Monday, August 16, 2010

Meatless Mondays: Height-of-Summer Ratatouille

A few years ago, I realized that I didn't have a go-to ratatouille recipe. So, I began to investigate, looking up recipes in cookbooks and food blogs. Many of the recipes I found called for cooking each vegetable individually, wiping the pan out in between. Others called for baking the ratatouille rather than making it on the stove. As I pored through the recipes, I began to realize that I didn't actually want a lightly cooked ratatouille, with each vegetable maintaining its texture and individual flavor (see Smitten Kitchen for a gorgeous example). I didn't really want to turn on my oven either. What I wanted, actually, was sludge.

Not literal sludge, of course, but I wanted a savory tomato-y stew, with the flavors melded into a medley of high summer. I wanted ratatouille that I could sprinkle with Parmesan and eat over cous cous or heap onto a slice of thick bread. I wanted ratatouille that could double as a thick pasta sauce, if necessary. With summer vegetables at their height of flavor and plentiful, to boot, I didn't really want to treat them delicately, at least not right then.

The one recipe I found that seemed suitable for my purposes was in Nigella Lawson's How to Eat. This is a cookbook I tend to look through more than cook from, but no matter. What I liked about her recipe was that it didn't call for any complicated procedures. It also referenced Elizabeth David, which seemed like a good sign.

In the years since, I've continued to use Nigella's recipe as a template, but I've remained flexible about exact amounts and cooking times. The one thing that's been consistent is that I've added the vegetables one at a time to the pot, starting with the onions and ending with the tomatoes. I also probably cook it longer than Nigella recommends, since after all what I'm aiming for is my delicious vegetable sludge, which tastes even better after it's sat for a day and given the flavors time to meld.

High summer is a fleeting time, I know, but I've decided that it's long enough for several different kinds of ratatouille. I'm tempted by Deborah Madison's version, which contains caramelized onions and roasted red peppers, and by Mark Bittman's baked version (from How to Cook Everything), especially once it cools down a bit and turning the oven on won't cause the kitchen to become an inferno. In the meantime, though, I have already stowed some of my sludgy version in the basement freezer. I know it will cheer me up immeasurably once the plentiful eggplants and tomatoes in my garden are only a sweet summery memory.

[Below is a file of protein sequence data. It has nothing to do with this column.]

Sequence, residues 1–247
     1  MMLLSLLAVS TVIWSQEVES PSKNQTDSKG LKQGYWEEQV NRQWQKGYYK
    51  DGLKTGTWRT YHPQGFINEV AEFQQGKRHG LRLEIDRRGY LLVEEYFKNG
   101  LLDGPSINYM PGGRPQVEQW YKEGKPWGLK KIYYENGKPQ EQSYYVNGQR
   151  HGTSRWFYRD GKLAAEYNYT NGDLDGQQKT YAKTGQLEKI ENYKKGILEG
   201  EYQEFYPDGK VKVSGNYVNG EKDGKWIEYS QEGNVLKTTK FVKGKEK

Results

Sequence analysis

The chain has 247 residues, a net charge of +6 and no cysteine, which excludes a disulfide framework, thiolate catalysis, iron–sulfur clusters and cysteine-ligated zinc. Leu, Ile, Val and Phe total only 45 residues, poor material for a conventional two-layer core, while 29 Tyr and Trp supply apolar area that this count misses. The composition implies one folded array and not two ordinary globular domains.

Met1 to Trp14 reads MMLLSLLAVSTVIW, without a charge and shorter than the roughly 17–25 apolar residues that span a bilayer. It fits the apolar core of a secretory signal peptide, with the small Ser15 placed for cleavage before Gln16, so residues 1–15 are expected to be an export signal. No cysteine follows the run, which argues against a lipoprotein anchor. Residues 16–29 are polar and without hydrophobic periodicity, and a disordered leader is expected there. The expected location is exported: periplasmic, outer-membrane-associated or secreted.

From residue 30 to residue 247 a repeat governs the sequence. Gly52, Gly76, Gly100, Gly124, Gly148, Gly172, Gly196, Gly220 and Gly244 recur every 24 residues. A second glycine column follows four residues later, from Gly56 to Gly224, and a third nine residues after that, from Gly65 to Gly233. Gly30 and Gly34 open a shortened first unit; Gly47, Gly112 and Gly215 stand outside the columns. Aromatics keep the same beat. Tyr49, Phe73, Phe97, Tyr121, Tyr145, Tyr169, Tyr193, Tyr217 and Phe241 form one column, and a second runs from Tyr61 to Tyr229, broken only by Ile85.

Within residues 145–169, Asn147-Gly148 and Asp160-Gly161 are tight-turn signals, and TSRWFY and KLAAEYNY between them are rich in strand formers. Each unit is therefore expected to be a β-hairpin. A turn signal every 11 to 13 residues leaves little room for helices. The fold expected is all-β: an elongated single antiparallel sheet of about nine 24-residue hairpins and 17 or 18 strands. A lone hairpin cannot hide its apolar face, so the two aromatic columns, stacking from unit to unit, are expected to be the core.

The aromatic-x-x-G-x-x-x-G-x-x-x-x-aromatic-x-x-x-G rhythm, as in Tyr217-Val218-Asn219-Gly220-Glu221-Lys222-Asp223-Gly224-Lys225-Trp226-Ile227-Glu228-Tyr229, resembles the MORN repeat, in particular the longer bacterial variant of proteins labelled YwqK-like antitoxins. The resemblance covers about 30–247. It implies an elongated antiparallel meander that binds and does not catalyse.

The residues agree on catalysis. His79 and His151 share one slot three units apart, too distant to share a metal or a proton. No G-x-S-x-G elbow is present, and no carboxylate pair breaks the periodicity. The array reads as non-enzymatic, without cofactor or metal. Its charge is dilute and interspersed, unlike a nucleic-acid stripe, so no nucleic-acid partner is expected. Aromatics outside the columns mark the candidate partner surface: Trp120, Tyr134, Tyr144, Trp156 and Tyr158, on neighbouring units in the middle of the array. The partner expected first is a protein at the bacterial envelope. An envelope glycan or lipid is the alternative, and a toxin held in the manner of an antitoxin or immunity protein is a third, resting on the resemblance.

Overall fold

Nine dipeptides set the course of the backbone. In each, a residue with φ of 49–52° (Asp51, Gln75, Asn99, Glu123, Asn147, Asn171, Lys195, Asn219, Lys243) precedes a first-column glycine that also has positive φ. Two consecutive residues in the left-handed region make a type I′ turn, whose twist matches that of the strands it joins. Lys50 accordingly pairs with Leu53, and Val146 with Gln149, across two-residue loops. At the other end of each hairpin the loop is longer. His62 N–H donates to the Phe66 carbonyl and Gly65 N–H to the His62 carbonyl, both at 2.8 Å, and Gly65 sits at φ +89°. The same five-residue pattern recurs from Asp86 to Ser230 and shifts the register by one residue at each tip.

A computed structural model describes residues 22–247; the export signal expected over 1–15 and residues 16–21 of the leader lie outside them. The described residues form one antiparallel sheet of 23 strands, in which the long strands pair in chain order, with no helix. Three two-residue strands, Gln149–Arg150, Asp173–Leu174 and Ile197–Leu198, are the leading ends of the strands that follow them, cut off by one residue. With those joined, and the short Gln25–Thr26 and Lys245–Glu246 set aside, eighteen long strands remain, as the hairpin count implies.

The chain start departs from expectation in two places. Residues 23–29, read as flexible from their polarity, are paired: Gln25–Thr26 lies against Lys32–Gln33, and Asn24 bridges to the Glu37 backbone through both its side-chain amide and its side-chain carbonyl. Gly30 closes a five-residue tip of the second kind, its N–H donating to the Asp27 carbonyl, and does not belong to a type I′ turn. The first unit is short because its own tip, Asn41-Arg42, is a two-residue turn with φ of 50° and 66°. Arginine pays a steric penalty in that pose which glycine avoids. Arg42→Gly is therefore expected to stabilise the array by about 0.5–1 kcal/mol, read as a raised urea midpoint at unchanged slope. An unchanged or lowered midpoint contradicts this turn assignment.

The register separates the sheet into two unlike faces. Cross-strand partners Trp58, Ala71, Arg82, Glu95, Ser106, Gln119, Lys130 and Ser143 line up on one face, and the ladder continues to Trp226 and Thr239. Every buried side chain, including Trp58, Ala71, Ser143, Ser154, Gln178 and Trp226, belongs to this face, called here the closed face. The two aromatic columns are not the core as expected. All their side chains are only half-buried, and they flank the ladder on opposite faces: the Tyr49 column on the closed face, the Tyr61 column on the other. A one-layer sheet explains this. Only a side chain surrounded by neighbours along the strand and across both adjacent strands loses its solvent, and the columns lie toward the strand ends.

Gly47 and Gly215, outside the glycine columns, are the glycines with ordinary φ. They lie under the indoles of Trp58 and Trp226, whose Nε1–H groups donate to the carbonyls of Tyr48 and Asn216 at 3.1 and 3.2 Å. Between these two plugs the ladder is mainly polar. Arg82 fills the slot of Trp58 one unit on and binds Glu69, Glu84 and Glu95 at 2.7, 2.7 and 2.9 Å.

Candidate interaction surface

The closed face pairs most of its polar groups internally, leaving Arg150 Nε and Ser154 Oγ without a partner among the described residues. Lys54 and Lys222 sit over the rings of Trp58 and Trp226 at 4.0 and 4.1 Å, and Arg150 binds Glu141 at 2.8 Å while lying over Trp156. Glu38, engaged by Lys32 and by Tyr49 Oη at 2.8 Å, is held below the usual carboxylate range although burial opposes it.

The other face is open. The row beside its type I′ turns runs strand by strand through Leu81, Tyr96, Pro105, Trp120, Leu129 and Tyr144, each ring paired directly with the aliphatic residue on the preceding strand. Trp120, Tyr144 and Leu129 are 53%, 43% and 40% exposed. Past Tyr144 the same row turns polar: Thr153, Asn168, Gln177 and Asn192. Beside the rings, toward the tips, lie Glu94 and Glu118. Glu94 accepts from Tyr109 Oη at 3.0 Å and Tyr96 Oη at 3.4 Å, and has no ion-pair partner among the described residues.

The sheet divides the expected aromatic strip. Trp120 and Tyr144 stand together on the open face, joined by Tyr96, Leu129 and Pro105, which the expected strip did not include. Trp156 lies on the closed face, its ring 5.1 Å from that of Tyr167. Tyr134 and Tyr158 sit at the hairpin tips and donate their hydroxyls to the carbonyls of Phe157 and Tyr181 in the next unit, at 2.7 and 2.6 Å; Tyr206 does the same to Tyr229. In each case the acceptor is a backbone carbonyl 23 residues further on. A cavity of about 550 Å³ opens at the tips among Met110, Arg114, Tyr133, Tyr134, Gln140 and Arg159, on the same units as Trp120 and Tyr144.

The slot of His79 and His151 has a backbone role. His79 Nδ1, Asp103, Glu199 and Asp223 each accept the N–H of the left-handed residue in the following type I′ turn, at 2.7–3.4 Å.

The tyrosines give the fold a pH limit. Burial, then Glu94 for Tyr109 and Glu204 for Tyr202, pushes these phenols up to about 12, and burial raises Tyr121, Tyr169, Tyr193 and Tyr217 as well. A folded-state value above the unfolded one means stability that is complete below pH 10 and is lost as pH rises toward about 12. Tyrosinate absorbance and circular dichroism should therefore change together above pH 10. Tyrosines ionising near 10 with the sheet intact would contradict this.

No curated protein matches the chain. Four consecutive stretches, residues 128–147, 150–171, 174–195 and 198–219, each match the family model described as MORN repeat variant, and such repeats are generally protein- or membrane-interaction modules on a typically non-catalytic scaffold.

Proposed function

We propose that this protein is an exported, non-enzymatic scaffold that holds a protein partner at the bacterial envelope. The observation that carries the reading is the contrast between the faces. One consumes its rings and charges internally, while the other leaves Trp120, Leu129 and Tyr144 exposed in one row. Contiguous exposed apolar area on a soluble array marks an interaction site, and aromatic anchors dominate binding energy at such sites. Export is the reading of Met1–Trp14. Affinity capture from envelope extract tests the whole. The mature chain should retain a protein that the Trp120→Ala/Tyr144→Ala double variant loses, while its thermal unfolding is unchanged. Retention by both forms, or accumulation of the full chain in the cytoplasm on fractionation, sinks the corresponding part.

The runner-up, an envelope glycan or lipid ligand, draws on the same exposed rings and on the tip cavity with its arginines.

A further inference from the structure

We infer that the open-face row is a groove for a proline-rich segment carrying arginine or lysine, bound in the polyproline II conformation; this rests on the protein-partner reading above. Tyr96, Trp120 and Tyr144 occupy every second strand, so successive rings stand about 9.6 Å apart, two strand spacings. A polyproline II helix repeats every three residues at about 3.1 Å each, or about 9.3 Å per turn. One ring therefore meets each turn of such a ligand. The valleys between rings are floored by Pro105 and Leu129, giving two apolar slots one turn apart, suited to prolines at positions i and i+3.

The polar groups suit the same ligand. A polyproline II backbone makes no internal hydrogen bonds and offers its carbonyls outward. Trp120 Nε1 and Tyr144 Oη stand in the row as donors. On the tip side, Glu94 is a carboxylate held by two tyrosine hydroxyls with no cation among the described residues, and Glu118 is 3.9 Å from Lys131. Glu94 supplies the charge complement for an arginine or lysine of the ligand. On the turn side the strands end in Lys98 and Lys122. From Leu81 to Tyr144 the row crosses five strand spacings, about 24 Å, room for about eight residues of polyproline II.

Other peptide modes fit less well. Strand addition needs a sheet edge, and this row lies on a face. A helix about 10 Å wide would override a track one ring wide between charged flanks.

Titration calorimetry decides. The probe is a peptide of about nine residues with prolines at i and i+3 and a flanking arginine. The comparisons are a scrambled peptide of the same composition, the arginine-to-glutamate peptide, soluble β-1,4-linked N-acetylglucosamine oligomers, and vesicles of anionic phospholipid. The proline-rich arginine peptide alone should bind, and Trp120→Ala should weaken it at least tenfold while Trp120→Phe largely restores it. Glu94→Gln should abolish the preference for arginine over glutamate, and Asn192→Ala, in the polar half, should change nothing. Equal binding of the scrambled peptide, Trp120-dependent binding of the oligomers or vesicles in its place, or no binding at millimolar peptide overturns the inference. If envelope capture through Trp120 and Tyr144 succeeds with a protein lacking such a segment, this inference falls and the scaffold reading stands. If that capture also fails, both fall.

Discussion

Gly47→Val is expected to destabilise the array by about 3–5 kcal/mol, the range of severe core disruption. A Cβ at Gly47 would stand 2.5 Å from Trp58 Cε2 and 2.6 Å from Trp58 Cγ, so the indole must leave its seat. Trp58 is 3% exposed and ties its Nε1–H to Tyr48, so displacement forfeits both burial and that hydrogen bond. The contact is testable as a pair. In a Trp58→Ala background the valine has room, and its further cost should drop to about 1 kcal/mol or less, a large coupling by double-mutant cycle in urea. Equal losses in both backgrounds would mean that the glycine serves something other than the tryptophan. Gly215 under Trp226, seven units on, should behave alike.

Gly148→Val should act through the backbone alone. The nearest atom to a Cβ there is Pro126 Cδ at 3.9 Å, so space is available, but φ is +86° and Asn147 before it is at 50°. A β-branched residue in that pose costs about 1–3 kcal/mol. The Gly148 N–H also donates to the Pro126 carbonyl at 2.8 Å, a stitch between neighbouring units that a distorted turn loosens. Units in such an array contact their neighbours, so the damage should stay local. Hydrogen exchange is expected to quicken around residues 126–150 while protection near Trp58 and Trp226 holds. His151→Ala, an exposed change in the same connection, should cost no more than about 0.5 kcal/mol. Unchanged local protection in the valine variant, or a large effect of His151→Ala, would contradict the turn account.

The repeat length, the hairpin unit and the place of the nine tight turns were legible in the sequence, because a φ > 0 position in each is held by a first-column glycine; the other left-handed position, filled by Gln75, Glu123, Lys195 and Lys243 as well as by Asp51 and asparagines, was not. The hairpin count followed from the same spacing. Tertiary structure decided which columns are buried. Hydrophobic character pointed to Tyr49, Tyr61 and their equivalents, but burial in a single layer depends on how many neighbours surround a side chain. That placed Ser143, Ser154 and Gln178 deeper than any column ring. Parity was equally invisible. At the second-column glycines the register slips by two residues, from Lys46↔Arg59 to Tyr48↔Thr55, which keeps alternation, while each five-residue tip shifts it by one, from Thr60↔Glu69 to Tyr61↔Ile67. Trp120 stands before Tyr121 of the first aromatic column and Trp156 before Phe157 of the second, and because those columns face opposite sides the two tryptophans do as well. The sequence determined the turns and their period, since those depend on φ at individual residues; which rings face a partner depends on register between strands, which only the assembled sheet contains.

(I've noticed that ratatouille is much more photogenic in its raw form (above) than cooked. Ah well.)

(loosely adapted from Nigella Lawson's How to Eat)

Please note that the amounts really are flexible, depending on your taste and what's available.


  • 2 medium onions, sliced
  • 2 garlic cloves, minced
  • 1 large or 2 medium globe eggplants, sliced or cubed
  • 4- 5 smallish zucchini and/or yellow squash, halved and sliced
  • 3 large sweet red peppers
  • 4 large tomatoes
  • 2-6 tbsps olive oil (Nigella recommends more, but I usually don't use more than a few tablespoons)
  • 1/2 to 1 tsp ground coriander or coriander seed (I skipped this)
  • fresh basil and/or fresh parsley


  • Slice the onions into thin half-moons
  • Mince garlic
  • Chop eggplant and zucchini into slices or small chunks
  • Cut the peppers in half, remove cores & seeds, cut into thin strips
  • Skin tomatoes by plunging into boiled water for a few minutes & then slipping the skins off. Halve them scoop out seeds & cut into chunks (I skipped this step and just chopped the tomatoes up.)
  • Cook in this order: onions first, then eggplant, zucchini, garlic, peppers and finally tomatoes
  • Heat the oil in a thick bottomed wide pan
  • Cook the onions until soft but not brown
  • Add the eggplant and cook several minutes until they start to shrink down and then add the squash,
  • Continue on like this with the peppers and garlic (add more oil as needed)
  • Cover the pan & cook gently for 40 mins, checking to make sure the bottom isn't sticking. Stir as needed.
  • Add the tomatoes, coriander (if using), salt & pepper
  • Cook for another 30-40 minutes until all vegetables are soft but not mushy
  • Stir in the basil or parsley
  • Eat, preferably at room temperature. Ratatouille keeps well in the fridge for up to 5 days; it also freezes well.

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